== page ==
Yeah, if you look at the university space, right, who are the customers of the university? Mm. The customers are students, students are paying the fees because they pay the fee and they study in the campus. Student becomes the customer of the university. So universities are in the business of retaining the students, enrolling the new students and maintaining their quality of educations in the campus. That’s the business they are in mm-hmm <affirmative>. Now what digital platform does for the university is, um, gives them the power to analyze the student’s behavior in the campus. So digital platform can help you understand who all are attending the classes, who all are paying the fees on time, who all are submitting the assignments on time. So when you aggregate all the data behind the student, they’re touching many systems inside the university. But when you bring all that data about the student’s behavior in the campus, you can analyze this student is going to stay with the, in the university, or they’re likely to leave.

Rajesh Sinha (09:28):

Mm-hmm <affirmative>. If they’re likely to leave, the university will have less revenue. So you wanna work hard to identify those bunch of student. And that’s the kind of platform we bring in as a student experience platform to keep them together, integrate their backend system, deliver the experience to the staff and student so that they can track their own journey and have a better experience of learning in the campus, you know, or online, whatever platform universities are offering them. That’s the example on the university side mm-hmm <affirmative>. Now, if you come to the food side, which is, um, you know, a lot of food is getting catered to hospitals and universities and schools. So the example which I was talking earlier, the kids are going to school. Mm-hmm, <affirmative>, they’re getting meals delivered to them as a mom and dad. If we have a power of a platform to select in the morning nine, o’clock what my kids are going to eat in the school at 12 o’clock because my kids have allergy to milk or nuts or whatever they can design the menu.

Rajesh Sinha (10:32):

And nine o’clock. The menu is designed 12 o’clock. The meal is getting served and through mobile platform, if you can do that, you are making kids’ lives better. Mm-hmm <affirmative> you are making them held here. The same story goes in hospitals. So depending on the disease and the patient’s criteria, if doctor can recommend the meal planning for the patients, the same way the nurses can design the menu for the hospital, patients mm-hmm <affirmative> and the meal can be delivered to them, you know, and data is the key data is so human brain can only store so much of knowledge. That’s why today you see the race between human and machine. Mm. So the next phase of work is automation intelligence. So all that is coming together. If you are ready with digital platform, mm-hmm, <affirmative>, that’s when the future technology can give you more value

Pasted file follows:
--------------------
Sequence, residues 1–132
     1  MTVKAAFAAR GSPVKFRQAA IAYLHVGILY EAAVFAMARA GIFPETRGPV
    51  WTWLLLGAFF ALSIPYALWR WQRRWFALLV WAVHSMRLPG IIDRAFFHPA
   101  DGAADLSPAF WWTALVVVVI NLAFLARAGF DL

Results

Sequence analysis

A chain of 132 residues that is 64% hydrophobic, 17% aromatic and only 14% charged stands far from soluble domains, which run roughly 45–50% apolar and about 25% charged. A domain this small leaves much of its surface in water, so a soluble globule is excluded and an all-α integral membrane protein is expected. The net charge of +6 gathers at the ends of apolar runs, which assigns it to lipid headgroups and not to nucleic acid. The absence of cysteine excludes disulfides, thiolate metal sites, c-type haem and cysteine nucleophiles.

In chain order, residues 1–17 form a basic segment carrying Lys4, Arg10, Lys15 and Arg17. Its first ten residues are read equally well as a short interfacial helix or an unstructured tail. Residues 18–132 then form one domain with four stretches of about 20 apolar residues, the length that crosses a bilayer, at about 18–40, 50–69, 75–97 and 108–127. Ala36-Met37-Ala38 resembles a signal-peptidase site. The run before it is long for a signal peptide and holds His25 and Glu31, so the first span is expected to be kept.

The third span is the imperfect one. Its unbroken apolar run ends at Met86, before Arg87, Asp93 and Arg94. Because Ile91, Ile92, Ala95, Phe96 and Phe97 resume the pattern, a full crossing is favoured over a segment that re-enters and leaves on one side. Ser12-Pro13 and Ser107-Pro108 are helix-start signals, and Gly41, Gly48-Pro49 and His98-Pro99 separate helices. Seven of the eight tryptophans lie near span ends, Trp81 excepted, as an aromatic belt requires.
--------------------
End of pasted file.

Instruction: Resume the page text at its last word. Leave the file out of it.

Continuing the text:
Katie Hankinson (11:19):

As you were building fulcrum. And as you have kind of come through these stages of kind of realizing and understanding the features of, of building a company that can help be transformative in this way. Mm-hmm <affirmative> what are some of the early mistakes that you made that have kind of shaped how you go about recommending paths to others,

Rajesh Sinha (11:37):

Many mistakes. <laugh> I’m sure I can write a book on that, but the early mistakes, which you said, um, is when I started, I think I was trying to solve everyone’s problem and saying that being an entrepreneur, I wanna buy something cheaper, you know, uh, and, um, and try to solve their problem because they will take five hours. I can solve it in five minutes. Mm-hmm <affirmative> so why do we waste time? What,

Katie Hankinson (12:01):

What is you your kind of a, you know, so much about the future of work, and you’ve been thinking a lot about the future of work. What did the pandemic do in your mind to kind of define or accelerate or kind of frame what the future of work is for, for all of us? <laugh> yeah.

Rajesh Sinha (12:18):

Big question. That’s a very part. No, but that’s the main question in everyone’s mind, including mine and everyone’s right. So if I give you an answer in one word, I would call it on demand. Mm. So what pandemic taught all of us that the world can impossible as possible. We can do many more things without pandemic hitting us. Right. So that’s what called exponential thinking process. Mm-hmm <affirmative> right. And, and one of the example I’ll give you is on demand example, when Netflix, uh, came to the market, they disrupted, uh, you know, blockbuster, right? Mm-hmm <affirmative> um, why? Because they brought in on demand entertainment. Whenever you wanna watch entertainment, you know, watch your, um, series. You can go and, you know, enjoy it the same way today. My wife, just, uh, last month she bought a mid technology. I don’t know if you know

Katie Hankinson (13:06):

That. I do know you. Yes.

Rajesh Sinha (13:08):